State-prescribed textbooks do not have to be oppressive and could be created by teachers competing to get their best activities into them, delegates at a summit in central London heard this week.
Assessment expert Tim Oates told the Politics in Education summit in London that top-performing education systems, such as in Finland and Shanghai, used state-approved textbooks but with “bottom-up” methods.
Schools minister Nick Gibb has repeatedly said he wants to see greater use of “high-quality textbooks” but ruled out state-prescribed texts in a recent interview with Schools Week. “It’s not in our nature as a country to have a Department for Education prescribed textbook,” he said.
But Mr Oates, who has advised the government on curriculum reforms since 2010, said state-approved materials played a key role in the success of other countries and shouldn’t be discounted because they were considered “top-down”.
He said: “[In Finland] the textbooks were looked at by very young pupils, by seven-year-olds . . . and they asked the young people what sort of textbooks they wanted. It wasn’t curriculum control but a bottom-up process.
“In Shanghai, yes, teachers are often on the same page at the same time — but the content of those pages has been developed over the years.”
Teacher research groups in Shanghai schools selected the best lessons and learning activities seen during daily practice and entered these into competitions, he said.
“These are then selected and included in the next round of state-approved textbooks.”
A report into the government’s Workload Challenge, a survey answered by 20,000 teachers, said quality textbooks and “off the shelf” lesson plans helped to reduce work burden.
The report states: “Our maths hubs are already trialling Singapore-based textbooks in the UK, we are exploring further opportunities for the translation of world-class textbooks for use in our schools.”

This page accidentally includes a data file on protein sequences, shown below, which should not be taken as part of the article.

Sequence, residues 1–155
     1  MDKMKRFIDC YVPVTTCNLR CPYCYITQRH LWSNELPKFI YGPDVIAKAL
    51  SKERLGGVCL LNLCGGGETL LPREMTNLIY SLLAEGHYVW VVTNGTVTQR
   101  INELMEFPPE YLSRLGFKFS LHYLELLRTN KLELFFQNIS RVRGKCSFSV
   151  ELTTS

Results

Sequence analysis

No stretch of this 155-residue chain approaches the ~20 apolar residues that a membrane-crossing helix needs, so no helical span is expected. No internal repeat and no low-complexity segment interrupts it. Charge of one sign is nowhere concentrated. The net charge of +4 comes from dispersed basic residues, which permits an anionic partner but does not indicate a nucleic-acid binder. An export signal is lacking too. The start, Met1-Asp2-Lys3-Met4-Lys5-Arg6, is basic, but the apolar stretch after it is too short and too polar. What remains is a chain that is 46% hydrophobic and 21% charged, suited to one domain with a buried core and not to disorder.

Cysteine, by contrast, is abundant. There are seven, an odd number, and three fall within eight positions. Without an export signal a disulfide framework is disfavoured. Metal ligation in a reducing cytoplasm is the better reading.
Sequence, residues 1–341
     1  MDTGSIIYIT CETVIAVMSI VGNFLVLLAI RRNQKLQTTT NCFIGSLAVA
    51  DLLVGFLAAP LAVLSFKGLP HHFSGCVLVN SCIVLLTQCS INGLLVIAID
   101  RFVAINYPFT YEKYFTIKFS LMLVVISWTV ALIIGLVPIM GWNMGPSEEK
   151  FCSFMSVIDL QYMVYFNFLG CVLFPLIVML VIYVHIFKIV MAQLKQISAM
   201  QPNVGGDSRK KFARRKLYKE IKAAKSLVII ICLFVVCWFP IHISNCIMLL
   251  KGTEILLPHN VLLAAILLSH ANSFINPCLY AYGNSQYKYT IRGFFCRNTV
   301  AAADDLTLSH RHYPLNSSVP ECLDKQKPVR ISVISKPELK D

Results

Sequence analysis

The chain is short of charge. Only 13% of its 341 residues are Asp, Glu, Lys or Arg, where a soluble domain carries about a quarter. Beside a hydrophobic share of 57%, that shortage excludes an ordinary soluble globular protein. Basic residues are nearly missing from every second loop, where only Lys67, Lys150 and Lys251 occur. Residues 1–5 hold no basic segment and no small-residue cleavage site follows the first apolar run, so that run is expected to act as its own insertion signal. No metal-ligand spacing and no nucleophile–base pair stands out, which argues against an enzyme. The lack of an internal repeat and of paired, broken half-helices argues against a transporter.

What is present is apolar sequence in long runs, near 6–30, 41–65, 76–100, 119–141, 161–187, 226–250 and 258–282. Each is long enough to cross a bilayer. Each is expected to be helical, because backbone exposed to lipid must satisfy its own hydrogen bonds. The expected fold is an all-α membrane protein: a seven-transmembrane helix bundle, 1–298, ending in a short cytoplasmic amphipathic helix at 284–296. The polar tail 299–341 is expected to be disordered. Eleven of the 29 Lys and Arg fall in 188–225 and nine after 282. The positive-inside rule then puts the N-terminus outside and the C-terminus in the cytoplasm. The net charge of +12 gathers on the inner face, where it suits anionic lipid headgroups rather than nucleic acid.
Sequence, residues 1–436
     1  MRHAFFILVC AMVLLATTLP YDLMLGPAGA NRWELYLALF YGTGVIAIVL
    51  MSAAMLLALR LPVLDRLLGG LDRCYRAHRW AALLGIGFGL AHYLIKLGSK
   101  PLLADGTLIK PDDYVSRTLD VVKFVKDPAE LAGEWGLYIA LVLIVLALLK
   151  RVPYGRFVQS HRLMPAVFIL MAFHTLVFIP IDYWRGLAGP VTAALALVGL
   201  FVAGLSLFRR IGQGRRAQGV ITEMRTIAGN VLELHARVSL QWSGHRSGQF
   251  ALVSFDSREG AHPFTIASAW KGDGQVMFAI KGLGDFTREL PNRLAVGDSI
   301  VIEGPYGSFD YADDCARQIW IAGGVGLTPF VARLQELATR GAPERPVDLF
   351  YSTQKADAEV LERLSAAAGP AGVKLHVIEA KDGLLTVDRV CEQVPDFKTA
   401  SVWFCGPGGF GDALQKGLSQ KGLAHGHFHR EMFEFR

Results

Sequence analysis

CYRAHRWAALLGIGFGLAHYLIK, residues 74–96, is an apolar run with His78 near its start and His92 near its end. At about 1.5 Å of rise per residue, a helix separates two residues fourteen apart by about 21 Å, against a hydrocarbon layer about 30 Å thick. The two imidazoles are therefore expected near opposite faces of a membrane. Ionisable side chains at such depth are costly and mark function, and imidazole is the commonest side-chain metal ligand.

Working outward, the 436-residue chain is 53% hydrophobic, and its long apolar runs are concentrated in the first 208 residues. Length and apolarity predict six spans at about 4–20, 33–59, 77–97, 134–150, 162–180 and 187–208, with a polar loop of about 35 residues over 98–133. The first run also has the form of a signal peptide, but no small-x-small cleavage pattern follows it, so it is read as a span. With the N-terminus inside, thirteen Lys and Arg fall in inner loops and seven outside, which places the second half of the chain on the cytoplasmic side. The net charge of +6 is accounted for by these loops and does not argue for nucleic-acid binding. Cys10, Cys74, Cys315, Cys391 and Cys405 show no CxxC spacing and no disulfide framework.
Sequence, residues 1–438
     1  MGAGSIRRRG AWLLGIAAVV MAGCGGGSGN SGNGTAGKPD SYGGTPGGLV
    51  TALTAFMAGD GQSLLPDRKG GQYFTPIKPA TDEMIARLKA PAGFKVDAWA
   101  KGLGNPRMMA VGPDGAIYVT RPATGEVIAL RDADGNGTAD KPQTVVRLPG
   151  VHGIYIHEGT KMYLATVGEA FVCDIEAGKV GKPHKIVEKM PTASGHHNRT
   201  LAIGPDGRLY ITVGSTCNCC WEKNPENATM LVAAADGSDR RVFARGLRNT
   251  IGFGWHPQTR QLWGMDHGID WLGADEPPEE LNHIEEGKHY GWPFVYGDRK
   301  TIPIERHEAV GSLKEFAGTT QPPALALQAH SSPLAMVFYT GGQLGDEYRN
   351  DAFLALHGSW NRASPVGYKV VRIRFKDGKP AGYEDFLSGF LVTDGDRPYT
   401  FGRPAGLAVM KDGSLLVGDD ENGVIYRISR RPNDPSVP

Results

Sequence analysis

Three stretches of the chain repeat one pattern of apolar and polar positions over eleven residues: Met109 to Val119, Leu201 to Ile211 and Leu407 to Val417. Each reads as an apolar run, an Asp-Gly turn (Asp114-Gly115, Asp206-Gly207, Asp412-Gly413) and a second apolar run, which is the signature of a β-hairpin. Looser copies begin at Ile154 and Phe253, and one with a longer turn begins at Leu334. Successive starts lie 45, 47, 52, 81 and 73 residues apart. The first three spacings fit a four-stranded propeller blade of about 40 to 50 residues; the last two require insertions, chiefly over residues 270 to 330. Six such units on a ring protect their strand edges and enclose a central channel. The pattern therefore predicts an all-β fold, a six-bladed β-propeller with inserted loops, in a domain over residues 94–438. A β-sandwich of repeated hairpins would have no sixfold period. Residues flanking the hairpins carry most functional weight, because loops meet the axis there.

However, the comments jarred with other speakers sceptical of political involvement in schools.
Professor Bill Lucas, director of the Centre for Real World Learning, proposed an independent body to “cast its eyes over the education institution” and give judgments about the impact of government policies, similar to the Office for Budget Responsibility’s independent reports on Treasury decisions.
Sir John Dunford, chair of Whole Education and the government’s most-recent pupil premium champion, also advocated for the creation of a new organisation – an Evidence Centre for Education, headed by a chief education officer – to advise on policy directions.
“We are still in a situation where teachers are one type of people and researchers another.”
However Jonathan Simons, director of education at Policy Exchange, reminded delegates that there were more than 12 million parents in England whose concerns might be more relevant to the government than those of half a million teachers.
Main pic: From left: Schools Week editor and chair of Politics in Education summit Laura McInerney, shadow schools minister Nic Dakin, and Henry Stewart